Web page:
Your cart is currently empty.
2023, English
20.5×28 cm, 272 pages, 95 color and 41 b/w ill., softcover
ISBN 978-3-95679-630-2
Art, Culture, and Technology (ACT) programme at MIT

This volume explores the potential for practice-based research to decolonize the social, political, economic, and agricultural structures that govern the Occupied Palestinian Territories.

The ideal of the garden conjures conflicting imaginaries of security and abundance, disobedience and control, inside and outside, and the spectres of exile and return. These binaries have ontologically distinguished the garden from untamed wilderness. Throughout the Occupied Palestinian Territories (OPT), the garden also delineates a series of genealogies that range from the Ottoman-era and subsequent British privatization of commonly-owned land and the commons more broadly. The avowed colonial project of “making the desert bloom,” the continued rise of neoliberalism, “bubble” economics, occupation, consumer debt, and rampant forms of real estate speculation have further conspired to complicate how we understand the contemporary meaning and concept of the garden.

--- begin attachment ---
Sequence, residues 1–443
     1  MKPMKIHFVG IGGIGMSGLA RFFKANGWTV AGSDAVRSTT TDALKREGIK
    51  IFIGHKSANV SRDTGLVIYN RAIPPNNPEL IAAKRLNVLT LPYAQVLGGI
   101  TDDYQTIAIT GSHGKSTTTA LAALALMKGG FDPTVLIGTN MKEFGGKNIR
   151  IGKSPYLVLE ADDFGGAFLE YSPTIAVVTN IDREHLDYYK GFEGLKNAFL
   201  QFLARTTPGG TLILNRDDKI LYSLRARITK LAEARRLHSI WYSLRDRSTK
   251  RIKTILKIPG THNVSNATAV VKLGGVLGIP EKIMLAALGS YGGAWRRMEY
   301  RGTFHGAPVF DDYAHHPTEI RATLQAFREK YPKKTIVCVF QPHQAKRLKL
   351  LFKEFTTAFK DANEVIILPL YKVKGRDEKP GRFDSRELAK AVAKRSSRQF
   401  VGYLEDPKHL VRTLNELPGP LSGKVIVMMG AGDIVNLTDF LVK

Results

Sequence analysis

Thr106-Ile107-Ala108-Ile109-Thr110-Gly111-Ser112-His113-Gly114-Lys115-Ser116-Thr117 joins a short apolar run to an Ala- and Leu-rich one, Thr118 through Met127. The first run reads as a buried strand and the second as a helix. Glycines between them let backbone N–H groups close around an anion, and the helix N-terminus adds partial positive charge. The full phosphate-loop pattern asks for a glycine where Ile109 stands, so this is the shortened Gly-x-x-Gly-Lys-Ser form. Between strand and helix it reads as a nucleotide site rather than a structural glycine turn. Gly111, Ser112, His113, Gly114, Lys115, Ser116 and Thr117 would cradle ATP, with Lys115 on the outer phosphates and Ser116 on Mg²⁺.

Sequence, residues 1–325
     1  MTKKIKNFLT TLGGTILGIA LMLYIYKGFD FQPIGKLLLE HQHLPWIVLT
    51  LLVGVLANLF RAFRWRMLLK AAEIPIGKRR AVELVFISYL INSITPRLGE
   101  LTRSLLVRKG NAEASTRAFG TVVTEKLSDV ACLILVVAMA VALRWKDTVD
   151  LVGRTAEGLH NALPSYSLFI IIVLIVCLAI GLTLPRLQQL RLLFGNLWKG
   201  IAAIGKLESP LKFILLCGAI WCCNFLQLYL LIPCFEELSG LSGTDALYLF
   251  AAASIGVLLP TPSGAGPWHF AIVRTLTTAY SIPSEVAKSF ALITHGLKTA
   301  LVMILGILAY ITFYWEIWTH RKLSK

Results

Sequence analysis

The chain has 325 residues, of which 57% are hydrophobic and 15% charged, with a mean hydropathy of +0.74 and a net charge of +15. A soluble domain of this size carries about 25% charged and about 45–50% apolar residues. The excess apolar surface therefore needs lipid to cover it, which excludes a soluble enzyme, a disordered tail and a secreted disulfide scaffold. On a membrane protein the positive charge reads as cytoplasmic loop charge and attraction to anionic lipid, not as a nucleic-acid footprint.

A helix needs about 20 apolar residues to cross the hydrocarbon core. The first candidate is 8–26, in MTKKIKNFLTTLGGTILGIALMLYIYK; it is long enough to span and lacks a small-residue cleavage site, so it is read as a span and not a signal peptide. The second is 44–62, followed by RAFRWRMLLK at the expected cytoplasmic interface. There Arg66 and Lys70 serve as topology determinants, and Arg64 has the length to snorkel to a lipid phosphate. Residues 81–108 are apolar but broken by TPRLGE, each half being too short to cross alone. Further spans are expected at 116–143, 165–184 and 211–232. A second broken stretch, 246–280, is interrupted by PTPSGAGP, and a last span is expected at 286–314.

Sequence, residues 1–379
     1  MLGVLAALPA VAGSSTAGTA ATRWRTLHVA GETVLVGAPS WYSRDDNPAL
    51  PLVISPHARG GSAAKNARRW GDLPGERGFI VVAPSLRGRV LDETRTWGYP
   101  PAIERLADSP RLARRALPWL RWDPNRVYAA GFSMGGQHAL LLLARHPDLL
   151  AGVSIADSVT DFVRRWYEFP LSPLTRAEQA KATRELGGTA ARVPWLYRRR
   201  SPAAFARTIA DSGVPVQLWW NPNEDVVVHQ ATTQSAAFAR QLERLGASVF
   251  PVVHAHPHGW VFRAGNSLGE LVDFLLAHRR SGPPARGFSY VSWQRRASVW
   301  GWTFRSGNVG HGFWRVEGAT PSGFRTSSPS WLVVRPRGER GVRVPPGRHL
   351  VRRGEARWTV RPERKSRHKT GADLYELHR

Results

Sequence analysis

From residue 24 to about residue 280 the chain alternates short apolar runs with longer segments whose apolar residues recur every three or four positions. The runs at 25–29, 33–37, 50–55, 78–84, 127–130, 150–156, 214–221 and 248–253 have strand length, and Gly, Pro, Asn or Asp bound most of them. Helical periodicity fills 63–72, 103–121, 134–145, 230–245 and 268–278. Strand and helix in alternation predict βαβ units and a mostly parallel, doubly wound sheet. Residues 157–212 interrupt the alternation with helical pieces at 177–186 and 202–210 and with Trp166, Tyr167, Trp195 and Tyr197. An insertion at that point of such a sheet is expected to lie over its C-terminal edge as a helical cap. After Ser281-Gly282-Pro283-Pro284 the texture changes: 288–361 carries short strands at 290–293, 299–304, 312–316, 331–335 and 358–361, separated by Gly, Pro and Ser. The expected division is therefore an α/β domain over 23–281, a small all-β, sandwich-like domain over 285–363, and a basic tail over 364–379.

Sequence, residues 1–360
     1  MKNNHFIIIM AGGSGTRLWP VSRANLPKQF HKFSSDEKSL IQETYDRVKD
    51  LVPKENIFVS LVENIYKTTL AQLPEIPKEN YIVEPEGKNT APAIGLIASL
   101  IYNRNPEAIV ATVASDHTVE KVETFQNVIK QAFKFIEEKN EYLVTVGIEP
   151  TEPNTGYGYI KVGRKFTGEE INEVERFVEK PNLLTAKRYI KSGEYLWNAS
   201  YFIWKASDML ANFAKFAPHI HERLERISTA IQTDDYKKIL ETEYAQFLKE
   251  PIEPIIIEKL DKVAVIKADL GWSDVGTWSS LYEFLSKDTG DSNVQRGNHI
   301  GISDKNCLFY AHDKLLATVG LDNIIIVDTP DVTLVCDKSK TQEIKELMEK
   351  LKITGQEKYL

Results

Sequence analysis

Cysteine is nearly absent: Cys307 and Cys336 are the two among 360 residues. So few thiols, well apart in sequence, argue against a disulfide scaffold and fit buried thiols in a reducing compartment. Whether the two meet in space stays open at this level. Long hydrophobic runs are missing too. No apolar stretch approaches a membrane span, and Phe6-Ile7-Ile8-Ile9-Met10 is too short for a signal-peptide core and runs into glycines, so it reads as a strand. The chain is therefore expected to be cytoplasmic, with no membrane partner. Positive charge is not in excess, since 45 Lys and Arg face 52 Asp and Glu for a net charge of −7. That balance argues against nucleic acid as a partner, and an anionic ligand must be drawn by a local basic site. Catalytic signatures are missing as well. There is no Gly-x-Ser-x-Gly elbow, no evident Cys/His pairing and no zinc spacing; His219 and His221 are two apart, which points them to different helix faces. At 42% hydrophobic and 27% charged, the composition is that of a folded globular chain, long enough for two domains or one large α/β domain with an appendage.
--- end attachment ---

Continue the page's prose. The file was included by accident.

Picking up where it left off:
Edited by Anthony Downey, and presenting research and material relating to an evolving series of projects, including the agricultural research platform Sakiya (located on a re-wilded hillside in the village of Ein Qinya, northwest of Ramallah), this volume explores how Nida Sinnokrot's practice reveals and outlines a potential future for the Palestinian garden as a community of practice. Involving farmers, crafts, and small industry initiatives, artists, and scholars, the platform is a progressive research academy that proposes a sustainable model—through the production of experimental knowledge—for both knowledge production and exchange and, crucially, integrating local agricultural methods into the framework of an interdisciplinary cultural programme.